The Western Australia Pregnancy Cohort Study was designed to test effects of particular kinds of maternal stress events during pregnancy on subsequent behavioral problems of the offspring. Robinson et al. (2011) reported prediction of children’s CBCL scores at ages 2, 5, 8, 10, and 14 years from several kinds of independent stress events (events beyond the mother’s control) and dependent stress events (events at least partly within the mother’s control) reported at 18 and 34 weeks gestation. The independent events included deaths of relatives and friends, nonvoluntary loss of jobs by mothers or partners, and pregnancy problems. The dependent events included separation, divorce, residential moves, marital problems, problems with children, and money problems.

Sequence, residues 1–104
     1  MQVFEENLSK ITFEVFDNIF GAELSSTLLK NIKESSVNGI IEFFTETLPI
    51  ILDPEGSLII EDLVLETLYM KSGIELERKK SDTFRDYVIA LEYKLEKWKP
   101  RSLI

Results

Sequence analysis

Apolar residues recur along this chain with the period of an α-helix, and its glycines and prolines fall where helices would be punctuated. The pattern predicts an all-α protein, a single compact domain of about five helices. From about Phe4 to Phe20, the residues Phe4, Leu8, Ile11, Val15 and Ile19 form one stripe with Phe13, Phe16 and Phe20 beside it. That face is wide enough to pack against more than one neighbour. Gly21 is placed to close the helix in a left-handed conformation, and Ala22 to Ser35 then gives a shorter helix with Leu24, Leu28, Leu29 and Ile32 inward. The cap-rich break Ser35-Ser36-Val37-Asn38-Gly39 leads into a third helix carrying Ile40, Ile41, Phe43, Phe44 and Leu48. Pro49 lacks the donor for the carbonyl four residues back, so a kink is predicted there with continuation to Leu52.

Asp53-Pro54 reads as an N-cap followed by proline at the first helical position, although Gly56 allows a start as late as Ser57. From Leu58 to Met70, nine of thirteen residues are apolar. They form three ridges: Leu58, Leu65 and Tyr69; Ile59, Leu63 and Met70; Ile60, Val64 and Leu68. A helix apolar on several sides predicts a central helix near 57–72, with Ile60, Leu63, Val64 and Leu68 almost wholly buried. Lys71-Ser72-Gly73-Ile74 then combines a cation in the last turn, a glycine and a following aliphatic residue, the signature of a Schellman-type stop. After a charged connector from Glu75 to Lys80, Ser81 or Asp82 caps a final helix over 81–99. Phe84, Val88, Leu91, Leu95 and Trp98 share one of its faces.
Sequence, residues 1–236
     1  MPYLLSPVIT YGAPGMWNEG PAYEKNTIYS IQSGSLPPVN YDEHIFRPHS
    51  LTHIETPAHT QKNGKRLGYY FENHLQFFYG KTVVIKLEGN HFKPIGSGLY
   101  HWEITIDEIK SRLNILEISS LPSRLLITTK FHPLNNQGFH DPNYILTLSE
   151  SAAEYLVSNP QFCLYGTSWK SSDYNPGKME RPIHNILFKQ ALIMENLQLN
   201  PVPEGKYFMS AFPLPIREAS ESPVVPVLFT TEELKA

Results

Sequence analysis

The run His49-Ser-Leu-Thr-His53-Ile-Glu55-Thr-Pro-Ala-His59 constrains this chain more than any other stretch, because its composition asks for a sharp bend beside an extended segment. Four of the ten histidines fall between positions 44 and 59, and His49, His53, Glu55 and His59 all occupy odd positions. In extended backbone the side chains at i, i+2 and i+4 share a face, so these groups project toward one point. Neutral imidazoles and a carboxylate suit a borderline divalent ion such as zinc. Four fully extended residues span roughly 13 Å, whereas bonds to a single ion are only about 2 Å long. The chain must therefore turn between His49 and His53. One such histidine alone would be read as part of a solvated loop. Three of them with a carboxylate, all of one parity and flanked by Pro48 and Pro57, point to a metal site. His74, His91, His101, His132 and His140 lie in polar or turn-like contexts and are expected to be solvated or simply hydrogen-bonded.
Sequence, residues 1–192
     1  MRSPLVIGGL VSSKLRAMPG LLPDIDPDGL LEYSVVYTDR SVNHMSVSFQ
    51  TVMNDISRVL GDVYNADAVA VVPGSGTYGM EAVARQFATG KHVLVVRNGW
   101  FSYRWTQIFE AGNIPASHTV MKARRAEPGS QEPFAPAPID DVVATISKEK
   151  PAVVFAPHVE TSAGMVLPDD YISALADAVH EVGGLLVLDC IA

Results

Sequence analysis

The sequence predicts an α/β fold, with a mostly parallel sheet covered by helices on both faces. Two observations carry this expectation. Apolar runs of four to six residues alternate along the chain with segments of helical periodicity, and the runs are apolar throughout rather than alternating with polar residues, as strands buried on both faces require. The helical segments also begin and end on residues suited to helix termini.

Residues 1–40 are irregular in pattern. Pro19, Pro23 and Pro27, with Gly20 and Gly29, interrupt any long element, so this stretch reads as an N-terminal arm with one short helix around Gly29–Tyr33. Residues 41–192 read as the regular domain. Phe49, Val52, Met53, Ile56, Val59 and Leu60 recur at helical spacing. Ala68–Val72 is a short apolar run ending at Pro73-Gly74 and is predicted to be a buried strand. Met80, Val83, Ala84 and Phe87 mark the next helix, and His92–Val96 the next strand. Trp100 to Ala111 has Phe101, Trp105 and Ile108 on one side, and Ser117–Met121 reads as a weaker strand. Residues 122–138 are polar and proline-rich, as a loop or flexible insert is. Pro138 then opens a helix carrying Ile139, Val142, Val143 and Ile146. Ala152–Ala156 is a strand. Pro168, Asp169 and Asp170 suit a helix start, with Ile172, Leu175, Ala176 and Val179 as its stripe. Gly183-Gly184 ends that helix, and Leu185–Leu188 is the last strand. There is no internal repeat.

After controlling for other risk factors, Robinson et al. found that children whose mothers experienced at least three stress events had significantly (p<.001) higher CBCL Total Problems scores at all ages than children whose mothers experienced fewer than three stress events. The number of stress events also predicted significant elevations of CBCL Internalizing and Externalizing scores. Effects were similar for independent and dependent events and for reports at 18 weeks and 34 weeks. Because children’s CBCL problem scores increased with the number of prenatal stress events, Robinson et al. concluded that “Our results concerning the relationship between the number of stressful events in pregnancy and behavioral impact on the child support a linear dose-response relationship” (p. 514).
Reference: Robinson, M., Mattes, E., Oddy, W.H., Pennell, C.E., Van Eekelen, A., McLean, N.J., Jacoby, P., Li, J., DeKlerk, N.H., Zubrick, S.R., Stanley, J., & Newnham, J.P. (2011). Prenatal stress and risk of behavioral morbidity from age 2 to 14 years: The influence of the number, type, and timing of stressful life events. Development and Psychopathology, 23, 507-520.